From NBC's Domenico Montanaro
Don't give up the fight, Mr. President. That's the message from the labor community ahead of tonight's State of the Union address.
SEIU Secretary-Treasurer Anna Burger, in a phone interview with First Read, stressed that she wants President Obama tonight not to shirk from a progressive agenda, to call out Republicans (which she called "the party of nope") and advocated for using reconciliation to pass health care.
She also expects the president to speak "very strongly" about what can be done for working families and to be tough on banks.
The sentiment is indicative of how liberals feel after the Massachusetts election. They point out that Democrats still have a 59-41 majority in the Senate -- the second largest in 30 years -- and that there's a reason for that majority. Labor unions play a major role in helping Democrats get elected -- with campaign ads, and activists on the ground.
"Jobs," Burger said, "is my favorite four-letter word in the English language."
Burger expressed urgency on health care.
"We have to get health-care reform done," she said, adding that Congress is "really close."
She said Obama should "shake up the Senate" and "make them understand that 51 is a majority."
Reconciliation would require that every item in the Senate bill be tied to the budget. It would also temporary -- as the Bush tax cuts were -- and each item would be subject to the approval of the Senate parliamentarian. But those considerations do not make Burger believe the Senate shouldn't go through with it.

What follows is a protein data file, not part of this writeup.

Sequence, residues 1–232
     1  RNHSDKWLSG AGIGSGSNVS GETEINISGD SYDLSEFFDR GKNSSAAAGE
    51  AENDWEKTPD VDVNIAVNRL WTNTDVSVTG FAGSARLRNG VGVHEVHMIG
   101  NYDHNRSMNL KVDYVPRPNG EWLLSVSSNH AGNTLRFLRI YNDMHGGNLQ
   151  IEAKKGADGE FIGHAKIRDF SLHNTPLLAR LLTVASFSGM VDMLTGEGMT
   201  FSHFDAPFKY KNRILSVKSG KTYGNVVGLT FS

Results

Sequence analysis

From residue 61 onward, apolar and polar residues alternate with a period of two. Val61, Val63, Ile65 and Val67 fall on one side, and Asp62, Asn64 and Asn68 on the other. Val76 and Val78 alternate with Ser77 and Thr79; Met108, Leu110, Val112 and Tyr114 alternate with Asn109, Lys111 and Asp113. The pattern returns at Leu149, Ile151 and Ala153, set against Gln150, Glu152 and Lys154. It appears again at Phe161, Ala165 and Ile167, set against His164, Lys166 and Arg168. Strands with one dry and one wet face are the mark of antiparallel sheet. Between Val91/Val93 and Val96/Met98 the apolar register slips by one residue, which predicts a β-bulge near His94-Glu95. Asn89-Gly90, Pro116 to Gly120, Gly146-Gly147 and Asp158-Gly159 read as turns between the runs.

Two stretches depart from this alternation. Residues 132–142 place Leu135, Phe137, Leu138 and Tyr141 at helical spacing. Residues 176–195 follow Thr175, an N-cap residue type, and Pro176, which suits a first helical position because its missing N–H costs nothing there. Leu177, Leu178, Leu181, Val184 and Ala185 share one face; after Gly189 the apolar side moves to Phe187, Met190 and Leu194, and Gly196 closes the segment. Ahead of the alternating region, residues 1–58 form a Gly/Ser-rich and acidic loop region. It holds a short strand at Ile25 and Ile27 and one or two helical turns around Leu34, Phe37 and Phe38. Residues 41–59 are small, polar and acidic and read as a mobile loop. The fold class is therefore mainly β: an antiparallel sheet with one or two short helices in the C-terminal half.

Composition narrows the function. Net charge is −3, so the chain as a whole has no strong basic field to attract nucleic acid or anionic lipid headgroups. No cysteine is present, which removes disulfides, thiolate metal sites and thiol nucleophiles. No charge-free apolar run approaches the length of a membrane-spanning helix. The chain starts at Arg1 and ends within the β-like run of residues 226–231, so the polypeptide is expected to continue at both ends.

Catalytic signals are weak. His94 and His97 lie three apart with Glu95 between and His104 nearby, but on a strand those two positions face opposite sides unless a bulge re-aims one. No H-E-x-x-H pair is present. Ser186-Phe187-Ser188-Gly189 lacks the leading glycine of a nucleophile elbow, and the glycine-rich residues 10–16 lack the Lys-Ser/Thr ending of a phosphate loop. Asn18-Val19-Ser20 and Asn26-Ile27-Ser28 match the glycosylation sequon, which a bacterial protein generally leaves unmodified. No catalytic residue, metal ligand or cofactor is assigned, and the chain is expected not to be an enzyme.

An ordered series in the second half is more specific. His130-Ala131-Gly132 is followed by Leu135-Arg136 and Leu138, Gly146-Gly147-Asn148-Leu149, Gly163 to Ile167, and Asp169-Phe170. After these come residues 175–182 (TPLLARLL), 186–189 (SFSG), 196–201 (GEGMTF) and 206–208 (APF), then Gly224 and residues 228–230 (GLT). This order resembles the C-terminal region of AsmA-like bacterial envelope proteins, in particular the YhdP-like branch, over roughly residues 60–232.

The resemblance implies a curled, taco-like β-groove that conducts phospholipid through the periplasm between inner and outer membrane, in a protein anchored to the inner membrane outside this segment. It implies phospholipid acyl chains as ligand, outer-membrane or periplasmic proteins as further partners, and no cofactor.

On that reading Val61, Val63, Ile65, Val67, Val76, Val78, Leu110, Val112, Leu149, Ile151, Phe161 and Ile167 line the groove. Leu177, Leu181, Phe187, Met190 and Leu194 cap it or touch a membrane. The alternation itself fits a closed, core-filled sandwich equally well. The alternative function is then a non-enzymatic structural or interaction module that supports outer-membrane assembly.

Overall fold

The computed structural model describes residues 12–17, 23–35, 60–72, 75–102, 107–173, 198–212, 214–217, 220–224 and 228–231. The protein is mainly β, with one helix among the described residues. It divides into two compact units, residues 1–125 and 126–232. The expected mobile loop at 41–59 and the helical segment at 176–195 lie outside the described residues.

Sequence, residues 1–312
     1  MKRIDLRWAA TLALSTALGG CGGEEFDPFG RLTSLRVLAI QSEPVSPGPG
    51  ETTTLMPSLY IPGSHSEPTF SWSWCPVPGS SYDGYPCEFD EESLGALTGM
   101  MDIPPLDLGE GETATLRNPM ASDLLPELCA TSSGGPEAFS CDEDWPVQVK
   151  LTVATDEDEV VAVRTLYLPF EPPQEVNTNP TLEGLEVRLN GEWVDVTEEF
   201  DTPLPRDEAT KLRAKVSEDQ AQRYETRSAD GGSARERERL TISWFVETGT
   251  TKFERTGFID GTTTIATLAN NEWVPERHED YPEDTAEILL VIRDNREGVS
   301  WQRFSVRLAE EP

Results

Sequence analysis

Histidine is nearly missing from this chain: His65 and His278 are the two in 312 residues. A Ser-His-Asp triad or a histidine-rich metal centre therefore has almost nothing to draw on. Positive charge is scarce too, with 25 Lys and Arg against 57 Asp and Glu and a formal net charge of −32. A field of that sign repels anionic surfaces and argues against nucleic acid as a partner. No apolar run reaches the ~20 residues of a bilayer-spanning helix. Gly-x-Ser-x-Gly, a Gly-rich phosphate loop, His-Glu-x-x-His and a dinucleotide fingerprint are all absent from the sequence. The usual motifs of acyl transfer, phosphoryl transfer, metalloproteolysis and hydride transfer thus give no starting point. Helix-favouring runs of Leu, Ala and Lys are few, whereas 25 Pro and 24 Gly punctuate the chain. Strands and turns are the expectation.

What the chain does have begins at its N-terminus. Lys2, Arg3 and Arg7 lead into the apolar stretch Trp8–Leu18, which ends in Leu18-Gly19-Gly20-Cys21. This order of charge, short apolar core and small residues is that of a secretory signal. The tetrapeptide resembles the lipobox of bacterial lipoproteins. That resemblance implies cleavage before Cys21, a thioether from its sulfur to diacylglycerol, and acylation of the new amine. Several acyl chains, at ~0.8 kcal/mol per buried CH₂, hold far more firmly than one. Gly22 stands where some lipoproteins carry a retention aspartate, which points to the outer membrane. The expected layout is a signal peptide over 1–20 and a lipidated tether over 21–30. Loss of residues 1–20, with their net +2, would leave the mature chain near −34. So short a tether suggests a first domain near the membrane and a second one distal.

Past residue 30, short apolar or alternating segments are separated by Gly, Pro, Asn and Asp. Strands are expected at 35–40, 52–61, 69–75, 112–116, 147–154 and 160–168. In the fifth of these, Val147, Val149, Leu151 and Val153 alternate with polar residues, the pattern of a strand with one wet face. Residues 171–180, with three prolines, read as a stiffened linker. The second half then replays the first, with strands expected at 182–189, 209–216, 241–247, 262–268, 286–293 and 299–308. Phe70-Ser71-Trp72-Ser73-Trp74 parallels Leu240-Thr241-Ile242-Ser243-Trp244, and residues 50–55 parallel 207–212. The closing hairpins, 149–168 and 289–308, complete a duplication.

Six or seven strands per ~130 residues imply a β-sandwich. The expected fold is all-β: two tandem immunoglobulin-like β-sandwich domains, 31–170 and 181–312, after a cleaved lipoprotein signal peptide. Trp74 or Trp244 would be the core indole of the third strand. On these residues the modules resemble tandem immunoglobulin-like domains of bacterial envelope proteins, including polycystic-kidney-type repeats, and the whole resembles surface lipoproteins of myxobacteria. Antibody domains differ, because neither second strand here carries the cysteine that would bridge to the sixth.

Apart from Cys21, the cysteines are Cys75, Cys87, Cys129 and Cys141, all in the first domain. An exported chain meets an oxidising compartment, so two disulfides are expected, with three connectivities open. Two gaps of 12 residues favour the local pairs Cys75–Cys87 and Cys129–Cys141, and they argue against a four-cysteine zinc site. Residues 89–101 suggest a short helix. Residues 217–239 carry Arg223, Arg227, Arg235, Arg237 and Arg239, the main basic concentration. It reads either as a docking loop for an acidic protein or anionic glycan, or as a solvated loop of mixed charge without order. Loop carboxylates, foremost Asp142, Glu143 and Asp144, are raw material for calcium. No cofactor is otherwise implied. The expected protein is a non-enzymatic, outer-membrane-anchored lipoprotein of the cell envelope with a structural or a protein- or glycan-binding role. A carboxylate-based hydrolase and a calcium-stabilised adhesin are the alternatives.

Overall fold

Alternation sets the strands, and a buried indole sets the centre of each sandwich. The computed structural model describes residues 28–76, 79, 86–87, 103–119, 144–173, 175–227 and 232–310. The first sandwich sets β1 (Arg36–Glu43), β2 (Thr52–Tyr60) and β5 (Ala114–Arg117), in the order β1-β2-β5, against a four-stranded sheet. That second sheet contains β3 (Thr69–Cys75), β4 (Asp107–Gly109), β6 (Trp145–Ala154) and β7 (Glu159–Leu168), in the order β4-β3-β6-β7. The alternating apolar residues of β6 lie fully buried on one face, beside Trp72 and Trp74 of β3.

"The lack of action is much more concerning," she said. "We cannot move forward if we don't act. ... It is a crime that we haven't solved this problem."
As far as whether or not she thinks the House should go first and go back to the Senate or vice versa, she said, "I don't care what we do as long as we get it done. … I don't care if we do a rain dance."
This, despite the Massachusetts result. She stressed that the Massachusetts result was not a vote against health care, as Massachusetts already has health care, though she acknowledged that voters "were worried it would somehow cost them more money." But the overarching issue, she said, was the economy. "They voted for change," she said, "They were worried about jobs."
She cited Oregon voting yesterday for tax hikes on the wealthy and corporations as well as a sign of voters voting for change.